Another important innate defense mechanism is the ingestion of extracellular particulate material by phagocytosis. Phagocytosis is one type of endocytosis, the general term for the uptake by a cell of material from its environment. In phagocytosis, a cell's plasma membrane expands around the particulate material, which may include whole pathogenic microorganisms, to form large vesicles called phagosomes (Figure 1-3). Most phagocytosis is conducted by specialized cells, such as blood monocytes, neutrophils, and tissue macrophages (see Chapter 2). Most cell types are capable of other forms of endocytosis, such as receptor-mediated endocytosis, in which extracellular molecules are internalized after binding by specific cellular receptors, and pinocytosis, the process by which cells take up fluid from the surrounding medium along with any molecules contained in it.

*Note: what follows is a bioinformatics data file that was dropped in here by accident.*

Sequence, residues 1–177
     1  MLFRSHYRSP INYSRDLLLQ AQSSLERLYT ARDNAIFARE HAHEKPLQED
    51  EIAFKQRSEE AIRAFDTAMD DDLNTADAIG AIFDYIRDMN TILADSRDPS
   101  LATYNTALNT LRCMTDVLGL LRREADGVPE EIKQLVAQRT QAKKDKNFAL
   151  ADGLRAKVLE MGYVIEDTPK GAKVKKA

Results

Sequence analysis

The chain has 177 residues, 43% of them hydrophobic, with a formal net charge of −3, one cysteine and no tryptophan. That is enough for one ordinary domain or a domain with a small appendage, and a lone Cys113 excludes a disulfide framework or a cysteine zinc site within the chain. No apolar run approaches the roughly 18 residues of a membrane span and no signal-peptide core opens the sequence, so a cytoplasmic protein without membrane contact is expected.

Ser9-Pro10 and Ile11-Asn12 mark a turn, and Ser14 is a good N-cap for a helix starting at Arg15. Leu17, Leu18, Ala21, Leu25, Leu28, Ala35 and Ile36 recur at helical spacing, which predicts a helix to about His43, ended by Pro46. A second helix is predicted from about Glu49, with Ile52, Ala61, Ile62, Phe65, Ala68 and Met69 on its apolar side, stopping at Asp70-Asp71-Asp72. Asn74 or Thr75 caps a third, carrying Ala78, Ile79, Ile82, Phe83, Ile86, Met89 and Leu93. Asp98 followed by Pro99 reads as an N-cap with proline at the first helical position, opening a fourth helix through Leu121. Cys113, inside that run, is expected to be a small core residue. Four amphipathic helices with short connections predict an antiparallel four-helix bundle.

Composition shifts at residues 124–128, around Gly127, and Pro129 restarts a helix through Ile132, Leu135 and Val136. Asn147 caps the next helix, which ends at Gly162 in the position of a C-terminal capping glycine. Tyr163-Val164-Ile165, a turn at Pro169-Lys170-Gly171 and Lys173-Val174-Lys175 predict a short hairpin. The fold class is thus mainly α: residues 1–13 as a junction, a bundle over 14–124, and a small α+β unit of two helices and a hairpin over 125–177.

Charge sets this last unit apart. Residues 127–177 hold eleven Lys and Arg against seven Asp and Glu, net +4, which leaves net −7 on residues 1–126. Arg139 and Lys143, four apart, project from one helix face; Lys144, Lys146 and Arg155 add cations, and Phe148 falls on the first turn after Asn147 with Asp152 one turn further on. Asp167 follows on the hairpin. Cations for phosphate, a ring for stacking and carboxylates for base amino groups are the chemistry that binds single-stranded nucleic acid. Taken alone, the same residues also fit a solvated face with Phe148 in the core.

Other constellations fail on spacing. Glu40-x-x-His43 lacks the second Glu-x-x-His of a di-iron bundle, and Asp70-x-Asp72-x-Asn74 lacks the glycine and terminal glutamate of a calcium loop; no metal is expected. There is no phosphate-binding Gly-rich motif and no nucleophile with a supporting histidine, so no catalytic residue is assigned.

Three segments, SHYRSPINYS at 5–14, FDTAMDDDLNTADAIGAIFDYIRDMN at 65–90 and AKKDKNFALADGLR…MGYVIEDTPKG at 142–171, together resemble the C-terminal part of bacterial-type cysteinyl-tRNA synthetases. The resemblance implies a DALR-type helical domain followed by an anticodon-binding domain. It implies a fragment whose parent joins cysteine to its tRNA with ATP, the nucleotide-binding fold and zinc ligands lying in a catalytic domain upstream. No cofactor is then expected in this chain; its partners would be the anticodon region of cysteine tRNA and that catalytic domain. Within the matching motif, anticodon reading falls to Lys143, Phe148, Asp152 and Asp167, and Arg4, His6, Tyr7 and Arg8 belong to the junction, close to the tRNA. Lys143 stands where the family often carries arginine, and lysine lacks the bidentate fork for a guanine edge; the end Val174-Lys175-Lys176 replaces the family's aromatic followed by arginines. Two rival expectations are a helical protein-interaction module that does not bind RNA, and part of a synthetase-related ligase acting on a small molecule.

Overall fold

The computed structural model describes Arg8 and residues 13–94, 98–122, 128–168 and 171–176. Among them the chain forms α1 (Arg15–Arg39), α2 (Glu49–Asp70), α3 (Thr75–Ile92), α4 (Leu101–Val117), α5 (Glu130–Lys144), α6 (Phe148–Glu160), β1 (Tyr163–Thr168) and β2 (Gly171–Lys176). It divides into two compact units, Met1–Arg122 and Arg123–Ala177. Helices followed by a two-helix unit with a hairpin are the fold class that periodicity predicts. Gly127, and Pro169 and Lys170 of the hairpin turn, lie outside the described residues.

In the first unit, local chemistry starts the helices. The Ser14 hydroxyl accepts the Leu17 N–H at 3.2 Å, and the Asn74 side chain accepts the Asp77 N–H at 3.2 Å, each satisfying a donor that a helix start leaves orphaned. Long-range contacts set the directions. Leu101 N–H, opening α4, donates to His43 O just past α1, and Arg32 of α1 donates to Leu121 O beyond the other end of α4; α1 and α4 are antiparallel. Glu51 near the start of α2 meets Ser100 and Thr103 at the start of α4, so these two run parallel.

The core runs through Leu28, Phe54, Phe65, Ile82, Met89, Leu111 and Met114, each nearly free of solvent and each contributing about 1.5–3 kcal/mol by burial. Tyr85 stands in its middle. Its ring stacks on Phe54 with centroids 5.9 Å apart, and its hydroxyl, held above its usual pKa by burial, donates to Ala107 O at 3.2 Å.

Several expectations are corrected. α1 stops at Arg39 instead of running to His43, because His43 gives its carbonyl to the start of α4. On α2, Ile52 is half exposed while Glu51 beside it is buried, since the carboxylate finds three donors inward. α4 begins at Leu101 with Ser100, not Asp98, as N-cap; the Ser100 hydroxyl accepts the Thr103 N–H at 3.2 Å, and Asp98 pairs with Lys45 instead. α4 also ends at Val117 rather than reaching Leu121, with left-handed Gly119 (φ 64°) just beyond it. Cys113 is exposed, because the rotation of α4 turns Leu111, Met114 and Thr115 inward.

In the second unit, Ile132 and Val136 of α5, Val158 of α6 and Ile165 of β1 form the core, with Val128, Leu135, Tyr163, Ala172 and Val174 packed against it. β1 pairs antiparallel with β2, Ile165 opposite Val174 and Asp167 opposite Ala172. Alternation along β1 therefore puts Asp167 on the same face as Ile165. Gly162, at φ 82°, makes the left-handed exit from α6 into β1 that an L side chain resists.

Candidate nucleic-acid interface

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This ebook provides an introductory explanation of the workings of the human body, with an effort to draw connections between the body systems and explain their interdependencies. A framework for the book is homeostasis and how the body maintains balance within each system. This is intended as a first introduction to physiology for a college-level course.